When Hurricanes Irma and Maria brought damaging winds to Puerto Rico in 2017, many people struggled to survive without electricity.
And even in the absence of a hurricane, the power can be unreliable in rural parts of the island. At her home in Utuado, Alison Mason has an off-grid solar system. But she says her neighbors’ homes often go dark during the rainy season.
“My neighbors sometimes lose all of the food they had stored in their refrigerator,” she says. “Meanwhile, we don’t even notice when there’s a power outage.”
Mason wants others to have the same peace of mind. So she’s co-founded Barrio Eléctrico, a nonprofit that works with community groups to recruit residents who want to install solar and battery systems.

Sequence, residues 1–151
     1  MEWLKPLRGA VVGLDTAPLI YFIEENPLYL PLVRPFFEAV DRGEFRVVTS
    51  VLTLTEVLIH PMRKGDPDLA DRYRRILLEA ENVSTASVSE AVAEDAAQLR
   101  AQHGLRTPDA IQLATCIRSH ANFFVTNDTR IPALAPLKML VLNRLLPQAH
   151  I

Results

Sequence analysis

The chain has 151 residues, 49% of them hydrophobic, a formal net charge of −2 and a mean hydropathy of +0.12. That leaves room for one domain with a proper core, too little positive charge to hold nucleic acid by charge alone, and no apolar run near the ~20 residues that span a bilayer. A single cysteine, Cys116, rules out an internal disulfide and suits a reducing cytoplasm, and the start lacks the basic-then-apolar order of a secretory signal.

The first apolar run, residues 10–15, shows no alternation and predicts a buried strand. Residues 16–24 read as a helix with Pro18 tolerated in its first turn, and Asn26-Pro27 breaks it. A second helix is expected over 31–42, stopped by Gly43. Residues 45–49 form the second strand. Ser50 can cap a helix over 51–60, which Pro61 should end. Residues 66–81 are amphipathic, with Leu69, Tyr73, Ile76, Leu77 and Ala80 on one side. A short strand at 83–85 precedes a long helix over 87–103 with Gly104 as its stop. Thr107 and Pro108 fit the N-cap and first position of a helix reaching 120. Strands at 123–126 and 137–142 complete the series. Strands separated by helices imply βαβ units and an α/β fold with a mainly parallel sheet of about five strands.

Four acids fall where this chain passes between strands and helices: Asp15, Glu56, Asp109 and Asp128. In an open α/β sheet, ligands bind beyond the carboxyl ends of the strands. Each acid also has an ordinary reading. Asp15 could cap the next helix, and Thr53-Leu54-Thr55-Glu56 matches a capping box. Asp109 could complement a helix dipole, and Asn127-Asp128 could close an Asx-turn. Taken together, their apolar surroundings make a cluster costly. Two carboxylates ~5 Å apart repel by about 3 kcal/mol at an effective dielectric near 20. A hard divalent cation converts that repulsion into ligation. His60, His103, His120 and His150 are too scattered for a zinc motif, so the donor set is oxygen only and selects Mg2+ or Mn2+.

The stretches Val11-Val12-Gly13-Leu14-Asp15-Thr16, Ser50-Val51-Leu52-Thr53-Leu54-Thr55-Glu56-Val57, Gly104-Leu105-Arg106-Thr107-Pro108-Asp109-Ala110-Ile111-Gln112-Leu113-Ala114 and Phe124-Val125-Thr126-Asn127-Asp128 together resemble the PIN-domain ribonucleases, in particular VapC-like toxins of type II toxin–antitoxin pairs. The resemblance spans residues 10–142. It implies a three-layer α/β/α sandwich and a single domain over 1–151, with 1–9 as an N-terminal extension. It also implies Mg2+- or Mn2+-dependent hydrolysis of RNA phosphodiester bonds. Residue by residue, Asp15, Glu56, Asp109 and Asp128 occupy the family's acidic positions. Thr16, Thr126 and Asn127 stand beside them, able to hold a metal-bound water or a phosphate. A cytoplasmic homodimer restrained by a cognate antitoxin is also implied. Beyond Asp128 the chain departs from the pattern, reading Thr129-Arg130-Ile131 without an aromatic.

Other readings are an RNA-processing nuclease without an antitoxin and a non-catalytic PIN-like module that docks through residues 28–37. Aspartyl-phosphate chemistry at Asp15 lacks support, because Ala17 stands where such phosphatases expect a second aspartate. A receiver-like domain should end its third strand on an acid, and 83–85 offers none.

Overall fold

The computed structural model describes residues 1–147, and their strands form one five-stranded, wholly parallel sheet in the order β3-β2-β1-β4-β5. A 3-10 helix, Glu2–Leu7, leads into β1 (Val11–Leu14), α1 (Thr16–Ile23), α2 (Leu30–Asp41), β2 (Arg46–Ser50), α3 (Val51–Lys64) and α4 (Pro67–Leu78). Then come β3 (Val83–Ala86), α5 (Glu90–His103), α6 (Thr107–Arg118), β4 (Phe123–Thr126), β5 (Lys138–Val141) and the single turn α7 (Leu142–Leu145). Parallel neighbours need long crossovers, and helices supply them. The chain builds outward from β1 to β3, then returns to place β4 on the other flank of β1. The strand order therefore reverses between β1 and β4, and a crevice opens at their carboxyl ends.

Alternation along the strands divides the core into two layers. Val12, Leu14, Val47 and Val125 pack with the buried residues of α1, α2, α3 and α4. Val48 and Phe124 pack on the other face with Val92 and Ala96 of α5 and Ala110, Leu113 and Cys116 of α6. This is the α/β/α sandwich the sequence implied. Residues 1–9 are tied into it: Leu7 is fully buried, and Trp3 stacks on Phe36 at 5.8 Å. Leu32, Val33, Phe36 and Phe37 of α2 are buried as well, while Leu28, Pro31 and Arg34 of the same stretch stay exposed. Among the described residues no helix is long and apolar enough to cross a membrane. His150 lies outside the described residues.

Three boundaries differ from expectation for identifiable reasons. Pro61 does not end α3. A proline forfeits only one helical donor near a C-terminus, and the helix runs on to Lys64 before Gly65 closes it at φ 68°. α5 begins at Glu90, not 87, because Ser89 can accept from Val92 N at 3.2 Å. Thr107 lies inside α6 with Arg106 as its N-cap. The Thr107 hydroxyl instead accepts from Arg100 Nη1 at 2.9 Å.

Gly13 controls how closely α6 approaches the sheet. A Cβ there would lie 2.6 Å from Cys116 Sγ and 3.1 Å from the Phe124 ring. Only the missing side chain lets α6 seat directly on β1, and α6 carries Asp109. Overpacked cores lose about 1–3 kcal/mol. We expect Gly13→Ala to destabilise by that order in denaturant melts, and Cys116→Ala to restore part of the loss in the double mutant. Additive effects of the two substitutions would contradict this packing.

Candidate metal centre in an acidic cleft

Barrio Eléctrico and its partners oversee the financing and installation of the systems, and then lease them to residents.
Mason says the leases cost roughly the same as what people pay the utility, so they’re accessible to residents who cannot afford to buy solar panels.
Barrio Eléctrico is working to prove its model with a 10-home pilot program in Caguas.
And Mason plans to expand from there, so more people in Puerto Rico can keep the lights on, even as the weather gets more extreme.
Reporting credit: ChavoBart Digital Media